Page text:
Since then, defenders of affirmative action have worked to put white women at center stage. Just before last week's pre-march press conference, NAACP Legal Defense and Education Fund director Elaine Jones, a black woman, decided not to speak and opted to sit in a chair far from the podium. Several black and Latino women spoke, but whites predominated. Civil-rights leaders also pushed the gender angle with officials who have Clinton's ear. At a party earlier this month celebrating publication of a new book by Clinton polltaker Stan Greenberg (who writes that Democrats need to move away from race-based preference programs), White House Press Secretary Mike McCurry approached civil-rights activist Ralph Neas for advice. Neas urged McCurry to talk about women as well as blacks. ""Think about this in a broader sense than race,'' Neas said.

For Clinton, the gender issue is a potential boon, but only if he negotiates a course full of political obstacles. To keep his party's liberal base intact, he must finda way to blunt the Republican assault on affirmative action. Yet to win back the middle-class men he needs for re-election, he'll have to show that he's not just a defender of the status quo.

In recent weeks a parade of Democratic interest groups have come to the White House to pressure the president. Thecentrist Democratic Leadership Council, which Clinton once led, has urged him to gut preference programs. The CBC's Payne exhorted Clinton to ""take the moral high ground'' and stand behind affirmative action. After Jesse Jackson met with Clinton earlier this month, senior adviser George Stephanopoulos and other aides huddled in McCurry's office to listen on a special audio feed as Jackson briefed reporters on the White House driveway. Officials feared a hostile diatribe (""We thought he might go out there and go ballistic,'' said one staffer). As it turned out, Jackson was quite modulated. After the women's march last week, Eleanor Smeal, director of the Fund for a Feminist Majority, laid down her cards in what one source called ""an extremely frank'' exchange with Stephanopoulos: the president had better come down on their side ""if he wants to keep women's votes.''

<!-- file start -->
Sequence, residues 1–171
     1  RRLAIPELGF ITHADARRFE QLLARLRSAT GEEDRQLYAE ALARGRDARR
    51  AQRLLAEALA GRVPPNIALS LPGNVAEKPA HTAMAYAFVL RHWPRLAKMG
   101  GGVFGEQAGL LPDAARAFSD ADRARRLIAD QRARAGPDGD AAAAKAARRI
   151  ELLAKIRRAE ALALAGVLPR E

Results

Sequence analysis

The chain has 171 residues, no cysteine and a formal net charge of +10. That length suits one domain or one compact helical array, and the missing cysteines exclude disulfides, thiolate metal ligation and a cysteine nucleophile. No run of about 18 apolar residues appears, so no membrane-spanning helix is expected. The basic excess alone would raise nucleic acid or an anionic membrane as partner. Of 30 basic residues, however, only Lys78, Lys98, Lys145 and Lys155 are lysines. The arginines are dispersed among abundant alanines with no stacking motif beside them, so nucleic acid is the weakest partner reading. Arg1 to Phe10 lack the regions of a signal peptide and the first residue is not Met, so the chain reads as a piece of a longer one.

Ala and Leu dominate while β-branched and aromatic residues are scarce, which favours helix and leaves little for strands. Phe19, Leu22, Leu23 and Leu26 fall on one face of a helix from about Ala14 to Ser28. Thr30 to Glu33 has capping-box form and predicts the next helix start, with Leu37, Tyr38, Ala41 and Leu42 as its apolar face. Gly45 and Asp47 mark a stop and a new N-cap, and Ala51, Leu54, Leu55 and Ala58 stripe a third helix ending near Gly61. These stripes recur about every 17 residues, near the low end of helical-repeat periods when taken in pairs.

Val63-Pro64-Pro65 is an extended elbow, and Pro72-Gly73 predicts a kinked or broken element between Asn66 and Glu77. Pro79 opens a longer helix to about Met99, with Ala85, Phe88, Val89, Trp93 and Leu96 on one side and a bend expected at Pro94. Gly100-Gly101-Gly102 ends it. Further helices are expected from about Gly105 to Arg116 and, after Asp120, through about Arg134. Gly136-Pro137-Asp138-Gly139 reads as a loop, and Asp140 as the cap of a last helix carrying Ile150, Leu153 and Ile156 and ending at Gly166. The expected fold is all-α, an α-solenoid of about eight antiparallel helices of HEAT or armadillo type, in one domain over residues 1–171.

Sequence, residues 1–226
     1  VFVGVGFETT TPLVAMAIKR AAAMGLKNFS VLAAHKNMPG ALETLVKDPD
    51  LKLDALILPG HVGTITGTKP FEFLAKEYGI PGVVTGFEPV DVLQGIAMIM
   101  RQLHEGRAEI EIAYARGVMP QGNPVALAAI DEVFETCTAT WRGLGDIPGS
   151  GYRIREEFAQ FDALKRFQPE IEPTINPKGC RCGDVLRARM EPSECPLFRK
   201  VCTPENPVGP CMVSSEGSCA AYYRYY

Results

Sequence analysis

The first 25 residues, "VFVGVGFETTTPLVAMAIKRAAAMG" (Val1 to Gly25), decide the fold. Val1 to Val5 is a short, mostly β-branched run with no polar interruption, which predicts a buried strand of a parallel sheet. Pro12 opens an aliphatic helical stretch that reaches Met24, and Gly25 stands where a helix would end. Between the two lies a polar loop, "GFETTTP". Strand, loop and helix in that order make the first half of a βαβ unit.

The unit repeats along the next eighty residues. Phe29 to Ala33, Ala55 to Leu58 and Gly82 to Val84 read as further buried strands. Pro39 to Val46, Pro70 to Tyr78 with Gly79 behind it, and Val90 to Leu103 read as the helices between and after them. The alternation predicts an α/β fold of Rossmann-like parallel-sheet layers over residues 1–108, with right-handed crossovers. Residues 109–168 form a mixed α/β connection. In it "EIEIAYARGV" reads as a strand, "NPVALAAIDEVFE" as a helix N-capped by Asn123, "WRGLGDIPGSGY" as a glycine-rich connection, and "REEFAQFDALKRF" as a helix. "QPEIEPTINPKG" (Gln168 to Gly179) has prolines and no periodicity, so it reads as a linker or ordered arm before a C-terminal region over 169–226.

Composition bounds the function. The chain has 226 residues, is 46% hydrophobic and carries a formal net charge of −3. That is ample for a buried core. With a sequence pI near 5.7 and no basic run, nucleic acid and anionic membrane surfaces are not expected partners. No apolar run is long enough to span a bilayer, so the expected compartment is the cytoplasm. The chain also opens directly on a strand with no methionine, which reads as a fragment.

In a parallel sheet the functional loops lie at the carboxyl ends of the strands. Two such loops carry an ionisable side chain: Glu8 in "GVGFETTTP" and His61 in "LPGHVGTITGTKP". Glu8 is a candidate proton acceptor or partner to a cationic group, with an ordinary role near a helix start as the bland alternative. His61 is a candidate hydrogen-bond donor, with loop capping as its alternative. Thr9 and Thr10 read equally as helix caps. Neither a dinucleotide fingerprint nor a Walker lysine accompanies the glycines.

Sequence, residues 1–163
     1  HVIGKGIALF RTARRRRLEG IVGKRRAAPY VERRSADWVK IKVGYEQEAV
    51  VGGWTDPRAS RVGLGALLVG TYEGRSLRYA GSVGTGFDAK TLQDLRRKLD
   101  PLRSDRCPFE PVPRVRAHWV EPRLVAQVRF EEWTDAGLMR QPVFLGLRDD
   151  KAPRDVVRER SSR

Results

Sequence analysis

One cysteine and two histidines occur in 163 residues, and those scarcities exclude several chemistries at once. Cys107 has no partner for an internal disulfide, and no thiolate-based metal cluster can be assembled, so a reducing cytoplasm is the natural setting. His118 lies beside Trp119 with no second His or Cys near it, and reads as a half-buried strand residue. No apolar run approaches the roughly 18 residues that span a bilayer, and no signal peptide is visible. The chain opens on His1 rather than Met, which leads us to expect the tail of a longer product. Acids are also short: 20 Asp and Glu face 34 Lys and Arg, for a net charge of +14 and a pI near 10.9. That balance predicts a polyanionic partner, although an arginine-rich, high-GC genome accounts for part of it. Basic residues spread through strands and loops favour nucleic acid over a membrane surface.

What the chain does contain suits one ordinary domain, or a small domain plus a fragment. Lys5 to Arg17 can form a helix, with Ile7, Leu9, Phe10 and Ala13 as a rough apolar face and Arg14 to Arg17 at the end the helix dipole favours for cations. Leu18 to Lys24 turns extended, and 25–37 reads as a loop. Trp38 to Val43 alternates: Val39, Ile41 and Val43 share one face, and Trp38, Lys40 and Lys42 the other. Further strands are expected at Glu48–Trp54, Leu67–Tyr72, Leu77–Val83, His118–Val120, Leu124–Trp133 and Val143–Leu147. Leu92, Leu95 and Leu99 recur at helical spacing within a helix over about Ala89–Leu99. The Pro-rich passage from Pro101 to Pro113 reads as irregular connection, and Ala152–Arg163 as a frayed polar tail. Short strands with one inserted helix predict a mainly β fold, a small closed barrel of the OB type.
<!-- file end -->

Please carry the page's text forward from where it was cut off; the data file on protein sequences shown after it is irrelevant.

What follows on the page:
Smeal's threat may have been bluster, but at this stage the administration is listening to all comers. Clinton has sought advice from scores of friends, academics and politicians -- even placing a call to Colin Powell to discuss the success of affirmative action in the armed forces. At a four-hour White House dinner last week with scholars and civil-rights leaders, Clinton reflected on his political dilemma. ""This issue has legs,'' he told attendees. ""It won't go away.''

Clinton also told dinner guests he believes that the anti-affirmative-action backlash is fueled by white economic anxiety. To help quell that insecurity, some experts propose basing affirmative action on economic need instead of race and gender. The idea sounds reasonable, but it would be difficult to carry out in practice -- and it would do little to end real racial or sexual discrimination. Other voices are urging Clinton to cut off women and immigrants, making blacks the sole beneficiaries of preferences. This idea, promoted by Northwestern University sociologist Charles Moskos, holds no allure for the White House. Officials say it would combine the worst of both worlds, angering women and other elements of the Democratic base while doing nothing to win back middle-class white men. ""Mr. Moskos has clearly never run for office,'' says one senior adviser.

Clinton's natural impulse on tough issues is to search for a passage between left and right. While the White House review is not yet complete, the president is sending strong signals that he will try to find a ""third way.'' Most affirmative-action programs are likely to stay in place. Over dinner last week, Clinton defended the principle of group remedies for discrimination. But aides hint that he is considering a retreat from ""set aside'' programs, in which the government reserves a portion of its business for minority-or women-owned firms. Aides say he might substitute economic need for race or gender as the criterion for receiving federal contracts.

Some administration officials fear that the third way is no way out of such a volatile issue. One aide talks about Clinton as ""a dead armadillo,'' a reference to Texas populist Jim Hightower's credo that the only things in the middle of the road are yellow lines and dead armadillos. But Bill Clinton is most comfortable in the middle, and that is where he is likely to stay.